The financial crisis has revealed structural shortcomings in the institutional framework for financial stability. Addressing these shortcomings is particularly important for the euro area given the deep interdependences resulting from the single currency. However, this needs to be done whilst preserving the unity and integrity of the single market in the field of financial services. Therefore, an integrated financial framework should cover all EU Member States, whilst allowing for specific differentiations between euro and non-euro area Member States on certain parts of the new framework that are preponderantly linked to the functioning of the monetary union and the stability of the euro area rather than to the single market.

Building on the single rulebook, an integrated financial framework should have two central elements: single European banking supervision and a common deposit insurance and resolution framework.

Integrated supervision is essential to ensure the effective application of prudential rules, risk control and crisis prevention throughout the EU. The current architecture should evolve as soon as possible towards a single European banking supervision system with a European and a national level. The European level would have ultimate responsibility. Such a system would ensure that the supervision of banks in all EU Member States is equally effective in reducing the probability of bank failures and preventing the need for intervention by joint deposit guarantees or resolution funds. To this end, the European level would be given supervisory authority and pre-emptive intervention powers applicable to all banks. Its direct involvement would vary depending on the size and nature of banks. The possibilities foreseen under Article 127(6) TFEU regarding the conferral upon the European Central Bank of powers of supervision over banks in the euro area would be fully explored.

Building on existing and forthcoming Commission proposals, work should be taken forward on deposit insurance and resolution:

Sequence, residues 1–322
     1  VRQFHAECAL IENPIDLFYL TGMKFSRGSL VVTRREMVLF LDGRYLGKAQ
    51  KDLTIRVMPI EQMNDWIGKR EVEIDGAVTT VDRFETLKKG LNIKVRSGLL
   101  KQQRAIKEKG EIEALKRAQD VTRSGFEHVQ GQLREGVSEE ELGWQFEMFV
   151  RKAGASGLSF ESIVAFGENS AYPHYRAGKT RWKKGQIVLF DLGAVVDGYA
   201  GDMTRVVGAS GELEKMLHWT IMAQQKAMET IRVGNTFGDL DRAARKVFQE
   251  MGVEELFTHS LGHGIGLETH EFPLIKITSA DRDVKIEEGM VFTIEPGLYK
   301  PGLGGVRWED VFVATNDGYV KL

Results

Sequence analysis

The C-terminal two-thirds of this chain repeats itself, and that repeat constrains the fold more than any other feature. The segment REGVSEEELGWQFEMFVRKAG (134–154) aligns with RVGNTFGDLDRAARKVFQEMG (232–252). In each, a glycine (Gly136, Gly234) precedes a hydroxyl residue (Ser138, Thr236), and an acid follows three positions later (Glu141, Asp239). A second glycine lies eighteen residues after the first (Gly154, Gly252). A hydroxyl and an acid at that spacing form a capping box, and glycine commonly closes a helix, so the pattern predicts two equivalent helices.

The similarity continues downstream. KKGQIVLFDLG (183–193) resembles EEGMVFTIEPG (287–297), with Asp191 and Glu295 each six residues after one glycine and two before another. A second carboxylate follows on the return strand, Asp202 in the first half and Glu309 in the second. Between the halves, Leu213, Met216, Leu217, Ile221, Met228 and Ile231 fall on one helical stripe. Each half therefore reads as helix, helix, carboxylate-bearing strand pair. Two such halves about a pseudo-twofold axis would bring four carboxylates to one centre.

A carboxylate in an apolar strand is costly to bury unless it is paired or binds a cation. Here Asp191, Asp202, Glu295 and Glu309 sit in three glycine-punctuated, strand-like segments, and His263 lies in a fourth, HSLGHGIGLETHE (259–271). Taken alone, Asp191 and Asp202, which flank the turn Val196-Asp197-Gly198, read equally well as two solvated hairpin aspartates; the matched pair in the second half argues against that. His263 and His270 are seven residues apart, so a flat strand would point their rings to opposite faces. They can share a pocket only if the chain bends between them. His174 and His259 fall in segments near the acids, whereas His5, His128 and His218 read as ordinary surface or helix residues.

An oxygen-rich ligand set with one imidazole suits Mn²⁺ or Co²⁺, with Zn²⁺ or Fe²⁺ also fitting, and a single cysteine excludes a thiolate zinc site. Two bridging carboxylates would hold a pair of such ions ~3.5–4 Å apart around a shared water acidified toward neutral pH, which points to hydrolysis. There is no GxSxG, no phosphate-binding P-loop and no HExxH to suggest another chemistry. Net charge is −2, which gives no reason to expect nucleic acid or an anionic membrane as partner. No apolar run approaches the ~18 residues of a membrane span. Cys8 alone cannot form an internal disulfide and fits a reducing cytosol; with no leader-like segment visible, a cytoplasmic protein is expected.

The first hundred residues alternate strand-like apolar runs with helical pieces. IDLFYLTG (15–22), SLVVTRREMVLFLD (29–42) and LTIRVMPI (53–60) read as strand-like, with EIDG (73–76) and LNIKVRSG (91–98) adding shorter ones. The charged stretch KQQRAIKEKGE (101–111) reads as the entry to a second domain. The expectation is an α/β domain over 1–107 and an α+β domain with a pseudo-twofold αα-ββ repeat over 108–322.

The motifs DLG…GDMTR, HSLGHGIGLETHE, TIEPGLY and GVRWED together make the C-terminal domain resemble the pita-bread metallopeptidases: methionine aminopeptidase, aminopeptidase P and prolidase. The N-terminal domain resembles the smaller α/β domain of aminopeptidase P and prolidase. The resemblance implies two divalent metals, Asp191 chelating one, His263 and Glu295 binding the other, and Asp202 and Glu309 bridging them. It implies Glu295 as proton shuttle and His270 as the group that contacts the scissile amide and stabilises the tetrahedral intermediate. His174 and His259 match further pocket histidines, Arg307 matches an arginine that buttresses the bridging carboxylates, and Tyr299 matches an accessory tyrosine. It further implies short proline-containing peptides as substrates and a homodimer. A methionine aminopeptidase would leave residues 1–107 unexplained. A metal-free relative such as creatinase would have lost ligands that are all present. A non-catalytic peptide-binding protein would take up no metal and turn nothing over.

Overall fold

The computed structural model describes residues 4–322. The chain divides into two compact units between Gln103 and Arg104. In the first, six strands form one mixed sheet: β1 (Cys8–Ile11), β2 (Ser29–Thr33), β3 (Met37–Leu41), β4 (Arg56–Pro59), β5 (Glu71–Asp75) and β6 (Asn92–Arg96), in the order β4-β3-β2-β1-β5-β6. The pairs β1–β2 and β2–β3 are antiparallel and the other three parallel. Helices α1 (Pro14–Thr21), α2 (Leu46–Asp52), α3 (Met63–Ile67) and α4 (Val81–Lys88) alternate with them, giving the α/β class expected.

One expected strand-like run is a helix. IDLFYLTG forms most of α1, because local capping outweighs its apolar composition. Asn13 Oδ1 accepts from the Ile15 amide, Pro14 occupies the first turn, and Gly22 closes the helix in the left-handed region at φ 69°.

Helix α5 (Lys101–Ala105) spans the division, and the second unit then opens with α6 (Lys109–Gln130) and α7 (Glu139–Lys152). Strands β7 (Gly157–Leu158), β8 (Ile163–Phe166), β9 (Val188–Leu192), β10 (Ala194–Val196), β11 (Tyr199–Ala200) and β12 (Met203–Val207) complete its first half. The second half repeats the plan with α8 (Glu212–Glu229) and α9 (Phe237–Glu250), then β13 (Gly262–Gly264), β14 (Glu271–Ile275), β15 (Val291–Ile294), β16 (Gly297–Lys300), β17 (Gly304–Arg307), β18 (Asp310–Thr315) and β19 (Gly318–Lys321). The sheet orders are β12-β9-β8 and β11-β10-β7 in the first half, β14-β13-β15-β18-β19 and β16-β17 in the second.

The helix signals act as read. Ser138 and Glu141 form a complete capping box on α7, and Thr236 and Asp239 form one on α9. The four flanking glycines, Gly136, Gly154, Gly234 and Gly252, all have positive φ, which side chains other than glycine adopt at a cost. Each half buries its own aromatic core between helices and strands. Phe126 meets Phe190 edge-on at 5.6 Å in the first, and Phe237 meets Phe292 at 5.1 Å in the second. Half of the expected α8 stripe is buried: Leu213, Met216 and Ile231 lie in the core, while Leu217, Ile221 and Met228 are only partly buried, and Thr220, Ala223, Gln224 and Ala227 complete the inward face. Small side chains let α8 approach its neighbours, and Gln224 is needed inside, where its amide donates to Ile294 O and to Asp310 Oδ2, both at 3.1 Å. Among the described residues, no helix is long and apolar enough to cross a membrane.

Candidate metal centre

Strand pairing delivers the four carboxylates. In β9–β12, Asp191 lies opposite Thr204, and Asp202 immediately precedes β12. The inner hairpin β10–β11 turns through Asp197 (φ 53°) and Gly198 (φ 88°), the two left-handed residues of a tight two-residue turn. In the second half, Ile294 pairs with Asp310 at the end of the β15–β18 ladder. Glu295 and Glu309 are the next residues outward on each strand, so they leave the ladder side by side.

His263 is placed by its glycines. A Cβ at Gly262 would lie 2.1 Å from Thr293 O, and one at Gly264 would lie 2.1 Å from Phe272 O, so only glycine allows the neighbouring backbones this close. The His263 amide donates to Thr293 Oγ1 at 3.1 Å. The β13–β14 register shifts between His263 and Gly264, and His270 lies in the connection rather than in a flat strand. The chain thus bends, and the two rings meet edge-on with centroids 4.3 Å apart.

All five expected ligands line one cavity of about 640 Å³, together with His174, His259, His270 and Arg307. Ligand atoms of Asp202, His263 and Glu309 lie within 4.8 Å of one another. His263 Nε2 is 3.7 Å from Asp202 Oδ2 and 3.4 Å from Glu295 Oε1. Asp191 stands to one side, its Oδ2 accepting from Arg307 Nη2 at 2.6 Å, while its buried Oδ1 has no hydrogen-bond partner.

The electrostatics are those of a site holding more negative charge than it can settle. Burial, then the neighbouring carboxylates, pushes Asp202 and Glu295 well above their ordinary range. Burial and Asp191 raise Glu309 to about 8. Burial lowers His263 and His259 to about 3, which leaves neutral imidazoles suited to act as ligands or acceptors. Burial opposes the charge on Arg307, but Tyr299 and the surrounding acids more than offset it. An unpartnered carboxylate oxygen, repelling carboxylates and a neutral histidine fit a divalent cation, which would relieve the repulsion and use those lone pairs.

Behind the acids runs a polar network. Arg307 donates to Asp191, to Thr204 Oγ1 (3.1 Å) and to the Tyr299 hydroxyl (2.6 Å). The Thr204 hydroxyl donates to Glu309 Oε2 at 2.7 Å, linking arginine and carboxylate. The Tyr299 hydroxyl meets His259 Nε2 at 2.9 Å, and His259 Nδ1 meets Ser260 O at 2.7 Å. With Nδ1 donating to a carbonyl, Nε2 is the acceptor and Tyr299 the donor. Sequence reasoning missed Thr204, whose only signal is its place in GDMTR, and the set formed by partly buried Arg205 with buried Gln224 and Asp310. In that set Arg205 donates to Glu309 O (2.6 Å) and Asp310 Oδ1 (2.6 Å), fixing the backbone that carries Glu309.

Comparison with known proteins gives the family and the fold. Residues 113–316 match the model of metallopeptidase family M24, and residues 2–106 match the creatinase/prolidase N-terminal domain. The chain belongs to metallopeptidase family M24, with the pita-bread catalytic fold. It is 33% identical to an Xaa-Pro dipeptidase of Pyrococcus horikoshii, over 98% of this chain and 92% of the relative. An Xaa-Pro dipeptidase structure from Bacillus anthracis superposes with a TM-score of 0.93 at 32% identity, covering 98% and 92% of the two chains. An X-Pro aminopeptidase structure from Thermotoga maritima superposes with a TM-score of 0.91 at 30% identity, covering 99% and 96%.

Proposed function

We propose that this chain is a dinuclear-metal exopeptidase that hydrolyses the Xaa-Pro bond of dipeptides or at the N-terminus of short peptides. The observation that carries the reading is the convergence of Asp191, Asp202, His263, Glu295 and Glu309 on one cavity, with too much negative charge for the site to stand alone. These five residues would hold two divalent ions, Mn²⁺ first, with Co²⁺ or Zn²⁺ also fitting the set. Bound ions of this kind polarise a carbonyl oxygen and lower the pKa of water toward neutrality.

A European deposit insurance scheme could introduce a European dimension to national deposit guarantee schemes for banks overseen by the European supervision. It would strengthen the credibility of the existing arrangements and serve as an important assurance that eligible deposits of all credit institutions are sufficiently insured.

A European resolution scheme to be primarily funded by contributions of banks could provide assistance in the application of resolution measures to banks overseen by the European supervision with the aim of orderly winding-down non-viable institutions and thereby protect tax payer funds.

The deposit insurance scheme and the resolution fund could be set up under the control of a common resolution authority. Such a framework would greatly reduce the need to make actual use of the guarantee scheme. Nevertheless, the credibility of any deposit guarantee scheme requires access to a solid financial backstop. Therefore, as regards the euro area, the European Stability Mechanism could act as the fiscal backstop to the resolution and deposit guarantee authority.

2. Towards an integrated budgetary framework
The financial and debt crisis has underlined high levels of interdependence particularly within the euro area. The smooth functioning of the EMU requires not only the swift and vigorous implementation of the measures already agreed under the reinforced economic governance framework (notably the Stability and Growth Pact and the Treaty on Stability, Coordination and Governance), but also a qualitative move towards a fiscal union. In the context, within the euro area, of greater pooling of decision making on budgets commensurate with the pooling of risks, effective mechanisms to prevent and correct unsustainable fiscal policies in each Member State are essential. Towards this end, upper limits on the annual budget balance and on government debt levels of individual Member States could be agreed in common. Under these rules, the issuance of government debt beyond the level agreed in common would have to be justified and receive prior approval. Subsequently, the euro area level would be in a position to require changes to budgetary envelopes if they are in violation of fiscal rules, keeping in mind the need to ensure social fairness.